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Department Of Justice Investigates BP For Faulty Oil Spill Estimates (VIDEO)

Bp Flow Rate

First Posted: 08/22/11 12:41 PM ET Updated: 10/21/11 06:12 AM ET

On April 25, 2010, BP assured the Gulf Coast that a disaster wasn't unfolding.

Five days earlier, the Deepwater Horizon, a BP-leased rig in the Gulf of Mexico, had suffered a massive blowout, killing 11 men and seriously injuring 17 others. The floating platform burned for two days, then sank in 5,000 feet of water. Less than 48 hours later, BP discovered a leak from its deep-sea well.

BP knew that the well, tapping a reservoir of at least 50 million barrels, could release vast amounts of crude oil, dwarfing tanker-sized spills. But the company's experts quickly calculated that the well was releasing just 1,000 barrels a day, an estimate it provided to the Coast Guard shortly after the leak was found. The Coast Guard made BP's figure public on April 24.

At a press conference the next day, a New Orleans reporter asked whether the leak could produce a spill on par with the Exxon Valdez disaster. Doug Suttles, an engineer and BP's chief operating officer for exploration and production, told him it could not.

There were "many, many restrictions" within the well and other drilling equipment on the seafloor, Suttles said, dramatically slowing the release of oil. "This is a long way away from something more significant."

Events soon proved Suttles' reassurances to be terribly misplaced. The leak rate at the time was far, far higher than BP portrayed to the Coast Guard -- more than 50,000 barrels per day from the moment the rig went down until the well was capped 87 days later, a government-led panel of physicists and engineers would conclude that August. At that rate, the leak had produced an Exxon Valdez-sized spill at least every five days.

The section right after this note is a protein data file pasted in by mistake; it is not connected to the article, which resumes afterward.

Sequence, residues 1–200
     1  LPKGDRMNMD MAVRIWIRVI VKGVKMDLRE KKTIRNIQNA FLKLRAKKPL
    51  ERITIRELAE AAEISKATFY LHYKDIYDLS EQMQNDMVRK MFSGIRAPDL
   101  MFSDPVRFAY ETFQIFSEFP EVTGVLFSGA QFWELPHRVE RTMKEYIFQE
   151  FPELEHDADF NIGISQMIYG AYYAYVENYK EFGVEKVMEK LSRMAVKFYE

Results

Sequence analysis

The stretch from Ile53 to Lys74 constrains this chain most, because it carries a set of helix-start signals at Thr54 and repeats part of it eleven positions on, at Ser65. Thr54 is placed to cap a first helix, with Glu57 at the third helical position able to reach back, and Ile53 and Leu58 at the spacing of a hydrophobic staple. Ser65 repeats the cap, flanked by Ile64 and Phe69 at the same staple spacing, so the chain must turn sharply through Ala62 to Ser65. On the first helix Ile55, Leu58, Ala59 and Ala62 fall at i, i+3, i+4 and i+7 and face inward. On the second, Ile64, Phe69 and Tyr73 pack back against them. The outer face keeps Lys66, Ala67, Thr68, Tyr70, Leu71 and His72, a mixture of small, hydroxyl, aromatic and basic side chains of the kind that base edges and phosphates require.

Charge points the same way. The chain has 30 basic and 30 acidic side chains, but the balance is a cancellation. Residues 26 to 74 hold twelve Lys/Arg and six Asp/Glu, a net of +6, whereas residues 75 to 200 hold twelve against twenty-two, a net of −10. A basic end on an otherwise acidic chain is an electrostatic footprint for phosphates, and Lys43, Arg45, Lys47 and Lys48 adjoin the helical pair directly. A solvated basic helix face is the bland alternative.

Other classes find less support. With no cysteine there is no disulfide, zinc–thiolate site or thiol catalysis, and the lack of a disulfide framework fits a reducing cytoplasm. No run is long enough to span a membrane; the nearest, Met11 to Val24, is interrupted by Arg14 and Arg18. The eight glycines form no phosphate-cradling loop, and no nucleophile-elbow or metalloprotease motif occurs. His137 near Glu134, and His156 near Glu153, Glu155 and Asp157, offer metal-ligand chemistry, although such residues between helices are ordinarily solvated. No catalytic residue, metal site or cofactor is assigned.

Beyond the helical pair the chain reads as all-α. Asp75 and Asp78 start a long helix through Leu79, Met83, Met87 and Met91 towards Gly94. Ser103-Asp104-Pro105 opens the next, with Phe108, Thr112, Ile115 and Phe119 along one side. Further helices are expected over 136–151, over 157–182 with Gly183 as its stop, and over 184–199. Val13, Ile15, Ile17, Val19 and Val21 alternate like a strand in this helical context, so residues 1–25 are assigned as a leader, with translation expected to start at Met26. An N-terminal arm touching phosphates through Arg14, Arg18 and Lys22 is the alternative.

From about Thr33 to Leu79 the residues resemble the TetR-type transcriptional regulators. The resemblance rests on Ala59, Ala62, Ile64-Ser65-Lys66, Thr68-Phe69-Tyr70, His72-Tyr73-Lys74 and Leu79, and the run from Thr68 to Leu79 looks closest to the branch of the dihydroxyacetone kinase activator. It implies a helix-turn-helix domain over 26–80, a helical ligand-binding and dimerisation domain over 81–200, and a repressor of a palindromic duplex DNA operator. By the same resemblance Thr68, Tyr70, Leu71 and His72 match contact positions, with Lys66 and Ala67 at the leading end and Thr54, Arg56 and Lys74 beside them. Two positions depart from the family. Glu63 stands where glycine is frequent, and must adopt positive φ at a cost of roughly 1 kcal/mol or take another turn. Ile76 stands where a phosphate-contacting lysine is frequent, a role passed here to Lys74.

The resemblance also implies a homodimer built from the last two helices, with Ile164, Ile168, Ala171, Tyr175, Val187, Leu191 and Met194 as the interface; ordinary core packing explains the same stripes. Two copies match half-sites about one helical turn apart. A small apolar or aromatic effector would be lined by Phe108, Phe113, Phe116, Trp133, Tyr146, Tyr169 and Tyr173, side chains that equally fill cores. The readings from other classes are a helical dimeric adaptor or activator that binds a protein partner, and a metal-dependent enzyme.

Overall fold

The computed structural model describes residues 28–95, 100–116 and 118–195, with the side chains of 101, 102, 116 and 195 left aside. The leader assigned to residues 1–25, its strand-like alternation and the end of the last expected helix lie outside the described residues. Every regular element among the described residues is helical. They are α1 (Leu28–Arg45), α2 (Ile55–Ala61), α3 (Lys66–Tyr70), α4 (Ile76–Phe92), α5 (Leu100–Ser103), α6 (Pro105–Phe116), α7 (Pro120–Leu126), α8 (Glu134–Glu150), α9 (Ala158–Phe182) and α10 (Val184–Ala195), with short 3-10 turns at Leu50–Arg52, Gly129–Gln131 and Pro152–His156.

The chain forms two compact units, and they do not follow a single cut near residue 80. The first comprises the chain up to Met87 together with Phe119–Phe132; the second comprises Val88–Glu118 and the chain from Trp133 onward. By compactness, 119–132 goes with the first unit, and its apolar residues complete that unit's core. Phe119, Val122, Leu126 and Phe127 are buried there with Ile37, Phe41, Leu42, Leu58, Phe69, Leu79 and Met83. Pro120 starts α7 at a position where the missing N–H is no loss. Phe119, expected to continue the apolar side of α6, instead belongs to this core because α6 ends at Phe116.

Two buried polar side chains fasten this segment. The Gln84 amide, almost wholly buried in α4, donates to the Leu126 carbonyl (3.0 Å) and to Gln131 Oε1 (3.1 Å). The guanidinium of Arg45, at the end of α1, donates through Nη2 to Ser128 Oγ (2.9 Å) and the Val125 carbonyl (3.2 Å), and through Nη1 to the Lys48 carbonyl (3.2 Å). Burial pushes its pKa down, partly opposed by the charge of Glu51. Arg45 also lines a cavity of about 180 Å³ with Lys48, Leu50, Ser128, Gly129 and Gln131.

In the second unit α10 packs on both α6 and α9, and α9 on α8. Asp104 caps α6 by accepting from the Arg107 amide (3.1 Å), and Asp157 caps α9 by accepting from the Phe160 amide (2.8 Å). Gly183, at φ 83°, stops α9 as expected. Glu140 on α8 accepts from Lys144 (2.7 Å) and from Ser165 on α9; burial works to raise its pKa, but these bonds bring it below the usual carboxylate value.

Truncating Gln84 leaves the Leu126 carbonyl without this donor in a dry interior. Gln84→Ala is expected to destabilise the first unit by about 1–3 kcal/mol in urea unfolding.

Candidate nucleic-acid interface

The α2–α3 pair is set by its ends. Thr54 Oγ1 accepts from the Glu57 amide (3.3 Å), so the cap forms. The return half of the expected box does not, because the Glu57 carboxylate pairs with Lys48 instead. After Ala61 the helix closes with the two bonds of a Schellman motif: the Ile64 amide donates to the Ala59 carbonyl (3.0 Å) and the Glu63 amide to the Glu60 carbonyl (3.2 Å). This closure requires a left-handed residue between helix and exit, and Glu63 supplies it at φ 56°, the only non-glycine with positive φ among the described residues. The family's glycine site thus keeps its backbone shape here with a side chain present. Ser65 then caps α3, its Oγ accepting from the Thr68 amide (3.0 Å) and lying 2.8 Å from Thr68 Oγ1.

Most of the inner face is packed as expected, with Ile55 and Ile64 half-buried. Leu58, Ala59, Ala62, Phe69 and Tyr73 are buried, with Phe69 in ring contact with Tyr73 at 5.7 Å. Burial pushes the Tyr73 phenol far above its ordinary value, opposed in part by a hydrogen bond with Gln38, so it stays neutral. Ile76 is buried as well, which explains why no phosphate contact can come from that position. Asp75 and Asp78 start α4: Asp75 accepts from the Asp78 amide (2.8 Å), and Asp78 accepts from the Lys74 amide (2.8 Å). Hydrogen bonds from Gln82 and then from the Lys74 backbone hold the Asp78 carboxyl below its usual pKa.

Today, more than a year after the spill ended, serious questions remain about BP's role in estimating the size of the undersea gusher.

What is clear is that BP failed, throughout the event, to produce an accurate estimate of the size of the leak to the federal government or the public. Also readily apparent is the company's strong vested interest in downplaying the size of the spill: federal pollution laws stipulate fines as high as $4,300 for every barrel of oil unlawfully discharged into U.S. waters.

Less obvious is precisely how and why the multinational energy giant fell so short in its efforts to determine the scale of the disaster. BP officials have adamantly denied deliberately lowballing the size of the spill, arguing that the company was overwhelmed by the technical challenge of measuring the deep-sea leak and claiming that the government shares equal responsibility for the early flow estimates.

Yet a review by The Huffington Post of thousands of pages of documents, along with interviews with dozens of engineers, scientists and government officials, has uncovered new information challenging BP’s portrayal of its efforts to measure the leak -- and found the company may have withheld crucial data on the well’s flow rate from federal responders during the spill.

According to federal officials, BP was solely responsible for producing the very first spill estimate of 1,000 barrels per day, a figure which led to a sense of complacency about the seriousness of the event among some federal and state responders at the outset of the disaster, the presidential commission on the oil spill concluded in January 2011. BP has never publicly acknowledged generating this figure and even the commission’s investigators could not determine the methodology used to produce it.